Change is hard for any individual. It’s even more difficult for companies. In changing company culture, you aren’t just trying to get people to work differently, you are trying to shift the way a collective group sees the world and how they choose to navigate it based on that perception. Organizations that recognize the need for changes and successfully implement them are able to easily navigate the challenges they face. Those that don’t change are doomed to fail.
When it comes to changing company culture, most of us tend to first focus on current employees. We give them new values, new processes, and sometimes even new leaders in order to help them see and live the new culture we want. While a focus on current employees is essential, it can cause you to overlook one of the most important groups of change agents you have – future employees.
Future employees aren’t yet acclimated to the current company culture and therefore won’t be resistant to the changes you want to introduce. On the contrary, they can become your champions, active supporters of the new culture who will help build, strengthen, and share it – but this can only happen if you onboard them correctly.
Onboarding is one of the most effective ways to support change efforts because it creates a system dedicated to preparing new employees to enter your organization and actively execute your transformations.
For example, back in my early days in HR I was recruiting for a team that had isolated itself from the rest of the organization and was underperforming. To address this we focused on hiring and onboarding people who could help change the culture from within. Within six months the team had changed dramatically. They were more engaged, more open, and more productive. Onboarding was more effective in initiating change than anything we’d previously tried.
It Starts with Recruiting
In using onboarding to facilitate culture change you should start by looking at your recruiting processes. Every aspect of recruiting, from your website to interviews communicates your culture. People will apply only if they are aligned with it. If you immediately present prospective candidates with the new culture they will automatically apply (or not) based on how well they are aligned with your vision. This is a great way of filtering people out who don’t believe in the culture you are trying to create while simultaneously filtering potential change agents in.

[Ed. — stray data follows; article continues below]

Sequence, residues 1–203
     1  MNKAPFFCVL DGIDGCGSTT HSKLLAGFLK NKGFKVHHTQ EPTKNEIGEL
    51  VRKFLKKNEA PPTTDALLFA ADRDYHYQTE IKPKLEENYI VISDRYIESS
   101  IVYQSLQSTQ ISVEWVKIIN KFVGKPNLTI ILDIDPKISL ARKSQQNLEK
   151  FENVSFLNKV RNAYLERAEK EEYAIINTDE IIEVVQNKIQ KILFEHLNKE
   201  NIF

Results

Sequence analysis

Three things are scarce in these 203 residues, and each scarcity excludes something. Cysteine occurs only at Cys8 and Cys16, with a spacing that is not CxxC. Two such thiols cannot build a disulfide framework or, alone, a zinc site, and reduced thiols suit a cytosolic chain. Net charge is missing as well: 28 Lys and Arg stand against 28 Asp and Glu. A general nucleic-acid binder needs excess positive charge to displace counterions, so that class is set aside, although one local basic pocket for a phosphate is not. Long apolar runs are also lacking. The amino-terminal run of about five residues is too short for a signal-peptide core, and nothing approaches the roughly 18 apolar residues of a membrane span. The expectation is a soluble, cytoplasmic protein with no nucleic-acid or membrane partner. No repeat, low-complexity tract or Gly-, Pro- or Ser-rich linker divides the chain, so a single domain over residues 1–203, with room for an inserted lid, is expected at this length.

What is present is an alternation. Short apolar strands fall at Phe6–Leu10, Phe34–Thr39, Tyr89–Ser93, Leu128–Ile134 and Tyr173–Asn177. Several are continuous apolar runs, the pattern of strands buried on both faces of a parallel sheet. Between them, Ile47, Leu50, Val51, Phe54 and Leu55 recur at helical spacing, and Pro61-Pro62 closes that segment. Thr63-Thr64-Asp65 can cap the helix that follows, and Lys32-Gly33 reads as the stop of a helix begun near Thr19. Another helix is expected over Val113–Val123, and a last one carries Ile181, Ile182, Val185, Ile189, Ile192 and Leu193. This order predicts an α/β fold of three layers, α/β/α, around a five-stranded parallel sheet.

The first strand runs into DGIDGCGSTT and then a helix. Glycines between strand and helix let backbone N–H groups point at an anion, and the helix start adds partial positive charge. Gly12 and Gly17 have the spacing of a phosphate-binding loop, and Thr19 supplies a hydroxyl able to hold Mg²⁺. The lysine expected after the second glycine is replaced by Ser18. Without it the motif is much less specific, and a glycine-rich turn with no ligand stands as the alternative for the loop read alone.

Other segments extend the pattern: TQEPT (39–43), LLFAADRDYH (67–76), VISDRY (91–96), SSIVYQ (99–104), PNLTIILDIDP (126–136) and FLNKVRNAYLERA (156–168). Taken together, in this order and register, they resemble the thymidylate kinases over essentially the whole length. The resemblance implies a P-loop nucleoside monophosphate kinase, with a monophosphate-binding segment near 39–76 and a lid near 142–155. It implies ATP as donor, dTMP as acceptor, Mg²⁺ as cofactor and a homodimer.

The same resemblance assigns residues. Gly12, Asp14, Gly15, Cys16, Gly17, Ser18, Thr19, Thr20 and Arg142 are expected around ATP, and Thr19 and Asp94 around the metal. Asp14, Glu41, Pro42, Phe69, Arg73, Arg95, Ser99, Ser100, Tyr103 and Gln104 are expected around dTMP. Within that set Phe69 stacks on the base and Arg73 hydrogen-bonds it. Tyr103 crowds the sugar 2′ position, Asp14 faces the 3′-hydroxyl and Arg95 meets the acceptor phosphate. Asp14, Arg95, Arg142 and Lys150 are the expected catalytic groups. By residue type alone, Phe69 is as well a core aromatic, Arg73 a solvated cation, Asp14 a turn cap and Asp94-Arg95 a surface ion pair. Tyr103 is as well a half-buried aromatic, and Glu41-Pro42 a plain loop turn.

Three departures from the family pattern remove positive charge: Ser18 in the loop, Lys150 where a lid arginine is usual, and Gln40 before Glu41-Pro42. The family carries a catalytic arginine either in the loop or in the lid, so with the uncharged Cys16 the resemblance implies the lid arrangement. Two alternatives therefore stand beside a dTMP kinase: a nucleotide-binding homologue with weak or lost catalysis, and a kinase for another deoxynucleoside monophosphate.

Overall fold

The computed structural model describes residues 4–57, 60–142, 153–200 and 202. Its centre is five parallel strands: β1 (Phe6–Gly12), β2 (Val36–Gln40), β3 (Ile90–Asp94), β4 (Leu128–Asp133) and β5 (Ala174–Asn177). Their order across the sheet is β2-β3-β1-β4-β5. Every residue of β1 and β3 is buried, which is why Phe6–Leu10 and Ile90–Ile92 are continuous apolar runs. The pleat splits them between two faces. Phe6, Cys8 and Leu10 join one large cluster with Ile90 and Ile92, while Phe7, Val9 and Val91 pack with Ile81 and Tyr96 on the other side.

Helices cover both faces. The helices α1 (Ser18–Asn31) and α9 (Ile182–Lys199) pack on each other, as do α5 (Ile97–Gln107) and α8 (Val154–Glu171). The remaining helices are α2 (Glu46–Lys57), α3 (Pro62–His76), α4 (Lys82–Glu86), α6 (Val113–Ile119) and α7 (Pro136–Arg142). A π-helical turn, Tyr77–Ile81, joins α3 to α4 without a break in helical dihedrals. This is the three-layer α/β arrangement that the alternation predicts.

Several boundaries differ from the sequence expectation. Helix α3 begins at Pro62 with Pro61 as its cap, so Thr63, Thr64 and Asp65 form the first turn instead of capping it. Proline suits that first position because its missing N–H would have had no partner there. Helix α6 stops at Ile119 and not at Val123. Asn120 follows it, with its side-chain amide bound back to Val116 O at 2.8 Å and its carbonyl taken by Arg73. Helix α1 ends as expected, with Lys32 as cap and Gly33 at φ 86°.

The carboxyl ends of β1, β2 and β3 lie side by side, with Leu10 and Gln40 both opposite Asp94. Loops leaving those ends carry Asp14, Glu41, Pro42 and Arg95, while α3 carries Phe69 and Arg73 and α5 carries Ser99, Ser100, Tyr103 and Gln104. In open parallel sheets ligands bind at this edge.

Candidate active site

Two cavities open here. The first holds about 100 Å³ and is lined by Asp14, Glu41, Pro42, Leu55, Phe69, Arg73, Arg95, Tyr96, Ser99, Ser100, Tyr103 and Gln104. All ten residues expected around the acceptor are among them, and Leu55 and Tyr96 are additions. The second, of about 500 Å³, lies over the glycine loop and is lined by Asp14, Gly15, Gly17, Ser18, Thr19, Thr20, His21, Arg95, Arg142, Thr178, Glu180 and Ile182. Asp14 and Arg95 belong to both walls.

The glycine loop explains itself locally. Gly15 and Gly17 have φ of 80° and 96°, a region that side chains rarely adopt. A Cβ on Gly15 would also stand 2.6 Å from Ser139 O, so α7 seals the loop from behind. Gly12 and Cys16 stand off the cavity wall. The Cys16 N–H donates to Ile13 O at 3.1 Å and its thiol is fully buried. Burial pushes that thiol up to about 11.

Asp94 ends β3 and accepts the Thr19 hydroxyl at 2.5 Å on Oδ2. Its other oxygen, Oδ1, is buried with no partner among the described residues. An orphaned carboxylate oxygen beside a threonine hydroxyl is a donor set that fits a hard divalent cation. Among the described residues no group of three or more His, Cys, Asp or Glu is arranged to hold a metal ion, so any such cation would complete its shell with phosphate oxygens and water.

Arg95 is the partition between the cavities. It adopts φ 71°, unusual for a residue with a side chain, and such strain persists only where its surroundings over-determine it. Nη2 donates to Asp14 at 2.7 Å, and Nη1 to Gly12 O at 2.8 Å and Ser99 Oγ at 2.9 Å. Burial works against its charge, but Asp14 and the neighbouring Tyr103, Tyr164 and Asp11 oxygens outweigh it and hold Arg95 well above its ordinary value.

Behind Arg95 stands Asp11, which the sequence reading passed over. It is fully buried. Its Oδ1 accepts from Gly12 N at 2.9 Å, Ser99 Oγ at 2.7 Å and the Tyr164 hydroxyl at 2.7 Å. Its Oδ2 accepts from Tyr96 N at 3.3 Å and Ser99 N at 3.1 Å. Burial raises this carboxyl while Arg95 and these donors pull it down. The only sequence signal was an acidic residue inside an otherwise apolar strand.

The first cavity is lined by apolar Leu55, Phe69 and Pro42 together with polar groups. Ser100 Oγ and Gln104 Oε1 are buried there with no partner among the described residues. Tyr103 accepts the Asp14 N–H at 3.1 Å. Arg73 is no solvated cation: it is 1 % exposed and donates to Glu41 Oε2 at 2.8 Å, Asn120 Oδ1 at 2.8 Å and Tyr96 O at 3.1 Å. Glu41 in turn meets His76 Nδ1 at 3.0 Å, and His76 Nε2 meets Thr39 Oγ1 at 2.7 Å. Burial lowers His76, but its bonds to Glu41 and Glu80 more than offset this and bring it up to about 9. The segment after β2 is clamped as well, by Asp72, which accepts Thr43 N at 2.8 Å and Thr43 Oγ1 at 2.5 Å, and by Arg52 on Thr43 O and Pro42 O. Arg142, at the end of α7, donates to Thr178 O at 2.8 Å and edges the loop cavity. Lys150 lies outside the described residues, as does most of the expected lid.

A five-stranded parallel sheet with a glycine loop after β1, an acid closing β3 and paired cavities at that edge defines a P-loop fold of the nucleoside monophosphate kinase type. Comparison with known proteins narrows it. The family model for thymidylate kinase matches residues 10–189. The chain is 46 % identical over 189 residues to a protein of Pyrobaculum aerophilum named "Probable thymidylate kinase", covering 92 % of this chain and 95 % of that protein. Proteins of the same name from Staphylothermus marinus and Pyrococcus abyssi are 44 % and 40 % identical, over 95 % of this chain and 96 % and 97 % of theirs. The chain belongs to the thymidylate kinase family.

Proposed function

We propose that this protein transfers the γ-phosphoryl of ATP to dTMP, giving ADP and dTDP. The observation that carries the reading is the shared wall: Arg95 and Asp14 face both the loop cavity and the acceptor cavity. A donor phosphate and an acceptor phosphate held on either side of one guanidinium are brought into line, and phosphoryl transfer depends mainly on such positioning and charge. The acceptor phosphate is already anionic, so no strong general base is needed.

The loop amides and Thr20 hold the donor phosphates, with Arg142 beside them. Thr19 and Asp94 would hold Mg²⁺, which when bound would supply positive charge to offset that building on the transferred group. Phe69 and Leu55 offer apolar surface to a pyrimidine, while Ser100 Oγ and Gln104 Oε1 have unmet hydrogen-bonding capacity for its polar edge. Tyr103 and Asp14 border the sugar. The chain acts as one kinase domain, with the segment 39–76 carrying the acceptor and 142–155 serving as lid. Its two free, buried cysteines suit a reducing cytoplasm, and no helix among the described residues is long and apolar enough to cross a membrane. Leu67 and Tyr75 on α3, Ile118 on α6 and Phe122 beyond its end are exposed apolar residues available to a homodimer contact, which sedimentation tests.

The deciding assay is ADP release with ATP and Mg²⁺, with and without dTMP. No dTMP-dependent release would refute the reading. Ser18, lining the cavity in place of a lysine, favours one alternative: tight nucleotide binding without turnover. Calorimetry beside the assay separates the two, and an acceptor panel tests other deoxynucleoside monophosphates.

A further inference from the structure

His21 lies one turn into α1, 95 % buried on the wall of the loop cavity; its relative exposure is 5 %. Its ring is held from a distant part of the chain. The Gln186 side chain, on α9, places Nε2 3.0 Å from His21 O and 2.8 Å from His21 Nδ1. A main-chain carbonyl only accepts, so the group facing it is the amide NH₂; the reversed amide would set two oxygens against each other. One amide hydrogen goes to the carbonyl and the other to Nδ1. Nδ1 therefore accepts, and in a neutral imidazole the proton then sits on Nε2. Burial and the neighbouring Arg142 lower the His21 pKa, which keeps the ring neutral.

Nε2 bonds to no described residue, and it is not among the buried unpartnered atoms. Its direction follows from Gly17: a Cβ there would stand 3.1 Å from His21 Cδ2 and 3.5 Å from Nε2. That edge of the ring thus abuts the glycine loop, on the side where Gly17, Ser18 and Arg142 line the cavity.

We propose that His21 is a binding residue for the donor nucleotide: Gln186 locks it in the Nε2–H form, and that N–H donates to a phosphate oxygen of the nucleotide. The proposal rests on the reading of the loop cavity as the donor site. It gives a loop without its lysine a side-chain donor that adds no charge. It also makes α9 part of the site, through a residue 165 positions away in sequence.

During the recruiting process don’t hesitate to tell candidates you are in the process of engineering a culture change. Feel free to ask them if they’ve been through that before and/or if they are comfortable dealing with opposition and working to sell the new culture to fellow employees. Doing so allows you to prime your new hires and better prepare them to join the organization. If you are clear about the kind of people you need, as well as the fact that they are entering a company that is shifting its culture they will be well prepared to support your change efforts.
Dedicate Part of Employee Onboarding to Culture
George Bradt, in writing for Forbes, shared how JAMF Software has made culture integral to its onboarding process. New hires spend a full week of their three week onboarding learning about JAMFs culture and history. The result has been a 90% retention rate of employees and 95% retention of customers.
What JAMF is doing is all about strengthening an existing culture, but fostering culture change works similarly. If you focus a significant portion of onboarding on culture, but highlight where the culture currently is and where you want to take it new hires will have an easier time navigating the new company while also supporting the new culture you need. One of the biggest causes of early employee turnover is a mismatch between expectations and reality. If your onboarding adequately prepares them for the challenges associated with organizational change they will be more likely to stay.
Train New Hires to Be Change Agents
Simply educating new hires about your new culture won’t be enough. You will also need to train them on how to spread the new culture to the teams they will be joining. They will invariably face resistance, but a proper training will ensure they know how to deal with it.
In training new hires to be change agents focus on helping them to understand that many of their new colleagues will be uncomfortable with or even opposed to the shifts that are taking place. This will mean that they must be patient with setbacks and accept that not everyone is yet ready to adopt the new way of working.
At the same time, they will also need to know how to sell the new culture to sceptics. They’ll need examples from other companies, data and research, as well as clear illustrations of how the changes will help all the employees enjoy their work more as well. By arming them with this information and training them on how to share it they will be able to help changes move more rapidly and easily throughout the organization.
Remember to Track the Data
If you are going to use an onboarding program to facilitate change be sure to track it. Send surveys out to new hires to see what their experience is and track metrics related to the changes you want. You may also want to survey managers to see if they are seeing changes as well. This will help you to assess the effectiveness of your efforts and use the data to improve.
Onboarding isn’t the only part of a successful culture change, but it is key. If you are able to effectively prepare new hires to enter your company and assist you in creating a new culture the changes you strive to create will be deeper, more effective, and more lasting.